Of Carnations and Innocence

I neglected carnations for decades.

My perception of them was very much disturbed by past experiences that go back to my childhood.

These days, I am deeply touched by their beauty and variety. I just recently discovered their aromatic and sweet smell. Part of my being has changed and therefore my perception of them. I now see carnations with different eyes.

I love flowers and regularly buy bunches of flowers for the Yogashala and our house. I consider it my treat of the week!

When choosing the flowers in past years, I would never pick carnations. I refused to even consider adding one of them to a bunch. My good friend Aswin, who works at one of my favourite flower shops, oftentimes gives me great advise when I design the bunches. He pointed at carnations many times. I used to respond with a clear “No”.

I grew up in East Berlin in the GDR.

I therefore took part in and witnessed a society based on repression, dogma and obedience. My childhood and youth were permeated by memberships in organisations, attending obligatory programs, camps and courses. The school system was aiming to mould everybody into the same ideology-based worldview and lifestyle.

1 May, celebrated as World Labour Day, was an official holiday with a big and overloaded parade in East Germany’s big cities. It was supposed to exhibit the power of the socialist system and its united forces to the Western World. It was a big show-off and attendance was obligatory for the citizens of the GDR.

We were obliged to wear a paper carnation pinned to our jacket or coat as a sign of commitment to the ruling socialist regime, ideology and submission to the system.

I lived through many 1 May parades.

I was clueless as a child and full of contradictions in my teenage years, the 1980s. At that time, the system had started to crumble, its foundations were weakening. In hindsight, I look at those parades as a massive meeting of lost souls, showing up for something non-tangible. All based on a fading and weakened dream of a small group of people who most probably had lost their souls a long time ago. 

The general obligations besides being pressured into a belief system and behaviours that didn’t come from who I really was, took my breath away. Starting at a very young age, I experienced discomfort and chronic illness as a result of a high stress level. Always wondering what was wrong with me…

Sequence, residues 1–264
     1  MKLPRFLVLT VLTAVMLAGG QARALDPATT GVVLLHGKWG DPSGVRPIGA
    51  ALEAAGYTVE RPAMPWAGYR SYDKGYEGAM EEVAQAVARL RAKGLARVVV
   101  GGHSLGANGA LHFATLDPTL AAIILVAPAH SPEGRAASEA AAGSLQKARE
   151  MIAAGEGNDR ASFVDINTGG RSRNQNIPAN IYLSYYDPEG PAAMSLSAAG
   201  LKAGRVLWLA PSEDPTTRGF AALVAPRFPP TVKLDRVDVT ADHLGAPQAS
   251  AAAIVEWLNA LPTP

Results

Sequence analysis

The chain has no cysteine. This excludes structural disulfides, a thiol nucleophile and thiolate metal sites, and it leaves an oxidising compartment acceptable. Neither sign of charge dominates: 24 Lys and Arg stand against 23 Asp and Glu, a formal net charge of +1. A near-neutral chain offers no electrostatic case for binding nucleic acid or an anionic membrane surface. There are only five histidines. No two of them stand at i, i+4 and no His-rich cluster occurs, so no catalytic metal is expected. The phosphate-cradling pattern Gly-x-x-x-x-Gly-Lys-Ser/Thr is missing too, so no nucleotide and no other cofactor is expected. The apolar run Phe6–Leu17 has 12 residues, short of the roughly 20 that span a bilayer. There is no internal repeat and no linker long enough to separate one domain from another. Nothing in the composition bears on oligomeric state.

During those years no one had ever asked what it is that I wanted. All education and ideology was designed around collectivism. 

The collective embellishment of a carnation on World Labour Day felt like a curse. I felt it deep in my bones.

I’m still healing the wounds of my upbringing

I’m still healing the trauma it left in my body. I’m still processing the heritage of it. 

I’ve developed an interest in my family history that reached back 2-3 generations. I realised the complexity when I explored more of German, European and even World history. I was craving a better understanding of the impact on my formative and important years of my first 20 years of life. 

I’ve been finding answers, insights, physical release and more enjoyment in life through e.g. yoga, purposeful meditation, constellation work and educating myself about (healing) trauma. I’ve been transforming gradually my body of protection into a body of connection. 

In doing so, I successfully connected with the innocence of the carnation. I bought a whole bunch of those beauties in different colours and varieties last Friday. I placed them as decoration in our living room and was sitting right next to them in our meditation the following morning.

With my eyes closed, I could enjoy them by becoming aware of their smell. I can now look at them and admire them for their beauty. It is a beauty that I am able to see as I improved in the practice of living a life of healing which in turn has changed my perception of them.

Many beautiful people accompanied me on my healing path in my adult life. 

With some of them I bonded deeply and unconditionally, and together we continue to heal our wounds – personally, collectively and as a species. We remind each other of our daily duty as a service to humanity and the world. 

Looking at the carnations is also a reminder of the inherent innocence of nature, objects and all beings. 

Practicing yoga is an act of grace to a tormented mind.

It’s soft caresses on a body that too often belongs to a disembodied person. It is the art of allowing and feel your innocence, smell your sweet odour and experience your beauty unfold in an endless variety of shapes.